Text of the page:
Look at this beautiful chart that the folks at Gygi put together. Very helpful!
Fantastic job on this coffee table made with pallets. Check out this Instructables post to learn how to make one yourself!
“Looking to get an industrial, vintage look in your house but can’t find a contemporary table to suit your needs? Frustrated at the 249£ price tag of the Legion Pallet Table offered by Made.com and think you can do an equally decent job yourself? Enthusiastic to start your own project but don’t know what you’ll be facing?”
I don’t know if this is below ground enough to be used as a storm shelter but this would be a beautiful root cellar! Check out Earthbag Building for how to build it.
“One of the most practical structures on a small farmstead is a multi-purpose garden structure that can serve as a storage shed or cool pantry above ground, or as a root cellar or storm shelter below ground. You can build this multipurpose structure for about $300 using earthbag construction (bags filled with earth and stacked like bricks). And the skills you learn by building the dome will serve you well if you plan to build a larger earthbag structure or even an earth home.”
Heartwarming to see so many people working together! Let’s bring this kind of teamwork back!
“The family farm has been a vital image in the American consciousness for centuries. The thought of a rural barn raising creates a picture of community spirit. Many American farm families can look at their barns as links to the past. A barn raising shows the strength of a community in more than riches. These old barns are community landmarks and make the past, the present.”
Would this work?
“DIRECTIONS FOR BUILDING A COMPOST FENCE Courtesy of Boy Scouts from Troop 348 MATERIALS: 4×6 fence posts (can use 6×6 also). 4 inch x 4 inch galvanized steel “hogwire” (comes in 4 foot x 6 foot sheets from farm equipment stores) Get enough for 2 layers for each section of fence. 1 x 4 facing boards-(1x 6 if you use 6×6 posts). 2 boards for each post long enough to cover the above ground portion of each post. large nail-pound staples to attach hogwire. nails to attach the facing boards. crushed rocks to anchor the posts. If posts are treated, get end sealer to treat cut surfaces. DIRECTIONS Cut posts to desired lengths. Taper top ends by cutting approximately 30 degrees off the 4 inch sides (which face front and back.) The 6-inch sides are the thickness of the fence where the compost will go. Treat cut surfaces if desired. Dig holes and anchor posts into the ground with the 4 inch sides facing forward. Cut hogwire to the exact width between the centers of the posts for each section. Height should be 2-3 inches below the cut surface of the post. Cut two sheets for each section. Attach hogwire to posts with large staples. (One sheet on the front and one sheet on the back). Cut faceboards to approximately one inch below the cut surface of the post. Taper the top edge of the faceboard. Treat faceboards if desired. Attach faceboards to cover seams in the hogwire. Fill inside of fence with compost as desired.”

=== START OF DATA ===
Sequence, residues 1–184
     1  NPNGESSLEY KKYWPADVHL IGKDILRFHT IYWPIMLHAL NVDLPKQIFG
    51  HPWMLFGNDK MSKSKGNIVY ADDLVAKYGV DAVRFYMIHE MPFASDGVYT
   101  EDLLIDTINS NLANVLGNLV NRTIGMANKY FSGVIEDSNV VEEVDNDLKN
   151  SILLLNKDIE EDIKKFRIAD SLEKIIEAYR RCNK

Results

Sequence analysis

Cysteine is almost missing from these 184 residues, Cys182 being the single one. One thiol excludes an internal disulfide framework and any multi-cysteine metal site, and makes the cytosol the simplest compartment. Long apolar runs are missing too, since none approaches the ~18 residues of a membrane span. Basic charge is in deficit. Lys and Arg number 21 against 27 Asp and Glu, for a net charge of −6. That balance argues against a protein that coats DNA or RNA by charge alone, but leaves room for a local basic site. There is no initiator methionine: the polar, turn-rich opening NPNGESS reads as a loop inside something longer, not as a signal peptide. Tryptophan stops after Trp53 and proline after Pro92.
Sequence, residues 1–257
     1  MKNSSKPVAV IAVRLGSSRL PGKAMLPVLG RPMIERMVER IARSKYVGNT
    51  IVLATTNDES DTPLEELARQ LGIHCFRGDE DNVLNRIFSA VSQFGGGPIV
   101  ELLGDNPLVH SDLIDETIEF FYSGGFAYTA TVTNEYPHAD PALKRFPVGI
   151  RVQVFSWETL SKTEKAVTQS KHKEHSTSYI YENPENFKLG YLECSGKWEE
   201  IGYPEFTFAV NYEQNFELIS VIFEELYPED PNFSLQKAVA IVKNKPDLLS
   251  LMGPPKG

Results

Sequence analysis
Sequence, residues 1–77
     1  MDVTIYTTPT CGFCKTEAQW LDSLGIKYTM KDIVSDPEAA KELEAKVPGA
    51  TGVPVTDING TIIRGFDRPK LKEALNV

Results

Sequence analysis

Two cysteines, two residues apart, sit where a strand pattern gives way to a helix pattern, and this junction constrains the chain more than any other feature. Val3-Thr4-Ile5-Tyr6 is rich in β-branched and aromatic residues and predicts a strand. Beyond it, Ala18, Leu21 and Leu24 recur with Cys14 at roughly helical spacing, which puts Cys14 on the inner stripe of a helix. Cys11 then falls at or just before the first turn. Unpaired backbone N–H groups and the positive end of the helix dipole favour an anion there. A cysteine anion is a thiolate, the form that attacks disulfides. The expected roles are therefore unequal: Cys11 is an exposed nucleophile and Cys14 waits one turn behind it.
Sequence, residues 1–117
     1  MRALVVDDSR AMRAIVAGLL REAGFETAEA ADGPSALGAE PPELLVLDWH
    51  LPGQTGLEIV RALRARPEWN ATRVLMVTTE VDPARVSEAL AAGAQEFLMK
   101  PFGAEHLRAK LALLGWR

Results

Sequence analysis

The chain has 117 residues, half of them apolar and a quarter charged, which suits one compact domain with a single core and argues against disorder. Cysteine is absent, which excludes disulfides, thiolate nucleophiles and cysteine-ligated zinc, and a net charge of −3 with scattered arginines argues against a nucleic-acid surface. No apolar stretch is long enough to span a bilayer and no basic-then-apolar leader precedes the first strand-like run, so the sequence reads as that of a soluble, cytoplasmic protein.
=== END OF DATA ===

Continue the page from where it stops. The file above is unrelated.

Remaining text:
via my cottage yard farm.
Cutest root cellar ever!
“Ditch that energy-sucking (and jam-packed) second fridge and build a root cellar or cool pantry into your basement design.”
“Basically the adobe structure provides support for a vertical wood-bladed mill that can be used to grind grain or put to other use. In some cases the adobe structure can also provide a channel for directing the wind toward the mill.”
via Adobe Windmills.
Easy homemade toothpaste recipe.
“For flavor variety, switch the peppermint oil to sweet orange or clove. Happy brushing!”
“Mother Earth News” never disappoints. Another interesting article.
“Expert advice on how to establish self-sufficient food production, including guidance on crop rotations, raising livestock and grazing management.”
Someday I’d love to try have a little Bee & Bee. 🙂
“Once you’ve harvested your natural honeycomb from your Warré (or other kind of top bar) beehive, it’s time to make get some of that goodness into jars! Fortunately, like many other aspects of natural beekeeping, getting the honey out of natural comb is easy and simple, once you know how.”